At the University of La Laguna, engineering graphics professors teach under a project-based learning approach. In groups, students design an engineering product made of five components, which they model in 3D solids. Then, they develop 2D drawings and produce dynamic animations and create some realistic infographics. In 2013, Autodesk Inventor and Dropbox were combined to achieve collaboration in the 3D modeling process [15,16]. This system was a simulation of a PDLM application in terms of functionality, which allowed several students to work simultaneously in the creation of the project graphic documentation. However, this system had the following limitation: students could not use simultaneously the same design file. A similar experience took place at the School of Engineering Arts et Metiers ParisTech by combining Catia V5 and Dropbox [17].
The recent arrival of Autodesk Fusion 360 solves some of the tasks reserved for the PLM programs that the engineering companies use. Fusion 360 combines 3D modeling with the advantages of cloud computing tools (Figure 1) through cloud-stored files in the Autodesk cloud (called A360). It naturally allows collaborative 3D modeling, which is appropriate for educational environments and fab labs [18].
In 2017 Vila, Ugarte, Ríos and Abellán [19] proposed the use of PLM systems to encourage collaboration among engineering students. They compared Fusion 360 and 3D Experience in terms of data management, decision support, personal data management, project management and communication. They concluded that both environments allowed proper collaborative 3D-model management. Moreover, while 3D Experience allows better project planning and its data management is highly complex, Fusion 360 presented more limitations in the other categories. Nevertheless, Fusion 360 seemed to be easier to be implemented in educational environments in terms of economic cost (free for educational purposes and for start-ups generating less than $100,000/year in total revenue or wholly non-commercial hobbyist users [20]) and ease of learning.
Likewise, in the Youngstown State University, Brozina and Sharma used Fusion 360 in their first year of engineering design course [21]. They conducted a collaborative workshop using Cloud Computing to allow the exchange of notes and views using browsers, mobile devices and the software itself. They concluded that students better understand the collaboration process using a collaborative 3D modeling environment.
Rassovytska and Striuk analyzed the suitability of cloud tools for the professional activity of mechanical engineers [22]. The objective of this work was to identify mobile and cloud services for professional activity in mechanical engineering and how to implement them in higher education. More than 30 services in the cloud and mobile applications were evaluated. The analysis found that the use of the services in the Autodesk cloud and its integration with Google Cloud is appropriate for teaching and professional use in mechanical engineering. They applied a questionnaire to professionals and professors to figure out which competencies engineers should enhance. CAD software was pointed out as the most important, followed in the seventh position by collaboration. They analyzed On-Shape, a 3D CAD cloud-based application that works on the web browser, which has been developed from scratch to solve the current problems of engineers, taking into account aspects such as collaboration in 3D environments. They analyzed functionality, availability, access, integration and collaboration; Fusion 360 obtained the highest value.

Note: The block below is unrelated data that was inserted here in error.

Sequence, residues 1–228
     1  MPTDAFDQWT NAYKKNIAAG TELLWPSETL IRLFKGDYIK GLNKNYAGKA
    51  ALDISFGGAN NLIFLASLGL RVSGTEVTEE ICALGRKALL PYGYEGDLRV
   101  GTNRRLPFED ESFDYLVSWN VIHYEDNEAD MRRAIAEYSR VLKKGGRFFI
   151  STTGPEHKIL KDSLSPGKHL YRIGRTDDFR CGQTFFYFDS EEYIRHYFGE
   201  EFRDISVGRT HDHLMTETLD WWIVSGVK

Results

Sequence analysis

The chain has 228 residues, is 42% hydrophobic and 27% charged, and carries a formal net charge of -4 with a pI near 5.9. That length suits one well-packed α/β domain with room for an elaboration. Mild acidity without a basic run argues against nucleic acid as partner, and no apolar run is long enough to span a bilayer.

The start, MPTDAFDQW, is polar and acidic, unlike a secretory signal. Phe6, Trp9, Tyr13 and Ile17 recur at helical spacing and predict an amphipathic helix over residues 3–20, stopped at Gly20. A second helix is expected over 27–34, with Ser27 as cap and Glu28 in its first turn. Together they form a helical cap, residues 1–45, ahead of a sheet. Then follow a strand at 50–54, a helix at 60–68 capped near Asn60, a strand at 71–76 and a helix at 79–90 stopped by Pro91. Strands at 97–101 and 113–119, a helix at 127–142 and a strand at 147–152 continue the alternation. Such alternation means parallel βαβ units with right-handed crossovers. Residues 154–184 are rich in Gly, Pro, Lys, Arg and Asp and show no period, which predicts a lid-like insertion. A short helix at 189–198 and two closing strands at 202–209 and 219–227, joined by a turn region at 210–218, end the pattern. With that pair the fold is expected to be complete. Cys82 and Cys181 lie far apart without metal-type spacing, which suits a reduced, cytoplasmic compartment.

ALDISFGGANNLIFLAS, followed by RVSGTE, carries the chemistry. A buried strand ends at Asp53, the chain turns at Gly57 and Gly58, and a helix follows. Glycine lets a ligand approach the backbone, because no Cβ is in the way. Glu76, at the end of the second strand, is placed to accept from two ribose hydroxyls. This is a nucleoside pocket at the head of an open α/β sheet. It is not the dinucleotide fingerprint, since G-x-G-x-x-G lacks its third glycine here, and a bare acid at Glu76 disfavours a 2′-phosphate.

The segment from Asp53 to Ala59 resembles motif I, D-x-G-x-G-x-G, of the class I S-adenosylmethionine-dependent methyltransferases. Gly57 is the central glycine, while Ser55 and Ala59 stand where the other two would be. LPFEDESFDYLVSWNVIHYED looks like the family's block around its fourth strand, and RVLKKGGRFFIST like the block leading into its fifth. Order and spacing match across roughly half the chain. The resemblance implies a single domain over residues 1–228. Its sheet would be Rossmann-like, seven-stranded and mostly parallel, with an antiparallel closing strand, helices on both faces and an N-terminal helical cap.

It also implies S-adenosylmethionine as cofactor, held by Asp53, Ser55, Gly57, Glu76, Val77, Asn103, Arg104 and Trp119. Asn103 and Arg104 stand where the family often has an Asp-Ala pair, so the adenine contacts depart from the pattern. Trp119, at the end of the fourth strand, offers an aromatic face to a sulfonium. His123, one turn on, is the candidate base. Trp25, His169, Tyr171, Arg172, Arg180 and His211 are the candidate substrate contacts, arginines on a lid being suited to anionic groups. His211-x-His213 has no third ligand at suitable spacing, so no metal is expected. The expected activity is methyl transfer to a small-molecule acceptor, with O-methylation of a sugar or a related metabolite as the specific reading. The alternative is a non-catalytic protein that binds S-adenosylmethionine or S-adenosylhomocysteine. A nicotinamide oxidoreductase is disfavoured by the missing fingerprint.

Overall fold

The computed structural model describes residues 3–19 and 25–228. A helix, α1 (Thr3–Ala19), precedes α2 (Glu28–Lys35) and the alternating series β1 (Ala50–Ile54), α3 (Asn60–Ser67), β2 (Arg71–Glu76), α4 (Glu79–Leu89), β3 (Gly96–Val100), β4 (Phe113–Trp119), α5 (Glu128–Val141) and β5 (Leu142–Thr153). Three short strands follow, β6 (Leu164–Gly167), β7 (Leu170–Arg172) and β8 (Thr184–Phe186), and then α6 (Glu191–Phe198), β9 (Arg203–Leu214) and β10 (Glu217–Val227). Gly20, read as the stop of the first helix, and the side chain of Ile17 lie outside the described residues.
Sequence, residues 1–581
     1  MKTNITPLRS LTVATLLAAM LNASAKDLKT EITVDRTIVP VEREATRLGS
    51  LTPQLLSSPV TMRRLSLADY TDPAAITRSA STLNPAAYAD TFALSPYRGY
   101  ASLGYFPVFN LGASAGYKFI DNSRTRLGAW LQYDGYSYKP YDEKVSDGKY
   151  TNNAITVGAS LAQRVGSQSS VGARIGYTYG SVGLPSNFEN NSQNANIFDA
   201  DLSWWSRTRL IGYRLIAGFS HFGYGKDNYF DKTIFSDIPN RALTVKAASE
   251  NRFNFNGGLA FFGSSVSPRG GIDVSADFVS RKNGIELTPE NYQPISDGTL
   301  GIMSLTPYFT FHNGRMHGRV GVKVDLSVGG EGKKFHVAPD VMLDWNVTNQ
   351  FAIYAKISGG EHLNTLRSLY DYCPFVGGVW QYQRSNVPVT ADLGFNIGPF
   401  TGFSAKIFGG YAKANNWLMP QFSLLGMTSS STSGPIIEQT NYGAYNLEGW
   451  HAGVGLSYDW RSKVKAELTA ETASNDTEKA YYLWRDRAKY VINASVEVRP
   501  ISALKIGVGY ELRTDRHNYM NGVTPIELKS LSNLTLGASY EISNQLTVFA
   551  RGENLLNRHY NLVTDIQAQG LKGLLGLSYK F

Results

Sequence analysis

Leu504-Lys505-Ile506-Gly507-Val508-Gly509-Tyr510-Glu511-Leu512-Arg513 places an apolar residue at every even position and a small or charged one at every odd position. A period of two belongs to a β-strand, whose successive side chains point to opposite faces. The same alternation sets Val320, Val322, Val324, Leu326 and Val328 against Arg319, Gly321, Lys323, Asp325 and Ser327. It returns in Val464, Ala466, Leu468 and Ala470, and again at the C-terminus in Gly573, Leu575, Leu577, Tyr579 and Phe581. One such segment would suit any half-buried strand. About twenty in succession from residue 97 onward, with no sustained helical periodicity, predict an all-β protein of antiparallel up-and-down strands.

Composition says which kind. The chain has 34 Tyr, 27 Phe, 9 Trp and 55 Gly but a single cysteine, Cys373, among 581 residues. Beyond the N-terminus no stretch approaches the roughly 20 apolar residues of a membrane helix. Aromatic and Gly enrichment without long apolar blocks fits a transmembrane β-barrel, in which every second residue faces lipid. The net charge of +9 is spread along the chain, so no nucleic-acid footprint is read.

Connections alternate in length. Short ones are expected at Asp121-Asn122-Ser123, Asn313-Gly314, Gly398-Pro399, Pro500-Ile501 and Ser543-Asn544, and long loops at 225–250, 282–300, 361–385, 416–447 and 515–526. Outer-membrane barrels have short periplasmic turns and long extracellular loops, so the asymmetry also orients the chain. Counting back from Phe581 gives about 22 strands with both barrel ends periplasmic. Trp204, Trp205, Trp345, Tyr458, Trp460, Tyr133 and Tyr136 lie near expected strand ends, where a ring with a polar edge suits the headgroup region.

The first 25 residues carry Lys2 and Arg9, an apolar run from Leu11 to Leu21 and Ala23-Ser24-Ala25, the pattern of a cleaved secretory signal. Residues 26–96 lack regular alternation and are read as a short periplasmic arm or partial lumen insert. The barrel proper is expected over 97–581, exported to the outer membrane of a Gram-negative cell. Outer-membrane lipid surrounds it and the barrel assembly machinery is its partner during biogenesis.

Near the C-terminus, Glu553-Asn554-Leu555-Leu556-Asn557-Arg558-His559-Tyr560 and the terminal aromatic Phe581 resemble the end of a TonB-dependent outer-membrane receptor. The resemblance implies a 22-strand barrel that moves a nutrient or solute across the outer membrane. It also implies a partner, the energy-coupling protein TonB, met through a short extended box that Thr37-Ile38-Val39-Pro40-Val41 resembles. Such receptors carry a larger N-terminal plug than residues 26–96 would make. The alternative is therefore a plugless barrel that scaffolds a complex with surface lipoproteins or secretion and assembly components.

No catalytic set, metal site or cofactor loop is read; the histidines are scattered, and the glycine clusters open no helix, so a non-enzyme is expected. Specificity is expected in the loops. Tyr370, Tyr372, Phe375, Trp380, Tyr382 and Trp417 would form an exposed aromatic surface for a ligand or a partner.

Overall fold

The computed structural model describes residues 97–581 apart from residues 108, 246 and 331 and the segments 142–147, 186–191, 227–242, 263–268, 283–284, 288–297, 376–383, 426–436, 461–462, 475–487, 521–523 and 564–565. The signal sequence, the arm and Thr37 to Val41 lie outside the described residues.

At the University of Illinois, the professors decided to move from non-collaborative CAD software (Inventor, Rhinoceros and Alias) towards Autodesk Fusion 360 for the creation of digital prototyping in multidisciplinary teams [23]. Most students indicated that they used the Fusion 360 cloud options and also that the use of this application reduced the need for face-to-face meetings. Moreover, they indicated that they usually worked simultaneously in several design stages which improved their productivity.
Furthermore, at the University of Tianjin (China), the different environments offered by Fusion 360 were analyzed and it was concluded that this application is an ideal tool for collaborative design in engineering, since it integrates modeling, rendering, manufacturing analysis and data management [24].
Besides, some synchronous collaboration tools may not be successful in face-to-face teaching. Students seem to prefer direct interaction and when they need an alternative, they choose their asynchronous communication solutions such as SMS [9]. Furthermore, one of the educational challenges in the inclusion of PLM software is that students must know how to divide the work among the different stakeholders [16].

2. Materials and Methods

The research design corresponds to a quantitative quasi-experimental approach. A collaborative graphic simulation of an engineering project was proposed in the engineering graphics subject of the civil engineering degree at the University of La Laguna in the academic year 2018–2019. After the elaboration and presentation of each team’s results, a questionnaire was designed and applied to measure student’s perception of the resolution of an engineering project under the approach of integral collaborative design as training for industry 4.0. Groups were asked to agree on their answers, but each member delivered their own questionnaire sheet. This criterion was based on the need to receive a group perception of the collaborative practice, meanwhile we took into consideration whether the number of students in each group varied. Then, Cronbach’s alpha and descriptive analysis were conducted (mean, median and standard deviation). Consequently, line graphs were generated to observe whether Usability of Product Design and Life Management platform (UPDLM) scale values varied concerning three grouping variables. Finally, non-parametric analyses were applied to check whether the previous differences were statistically meaningful.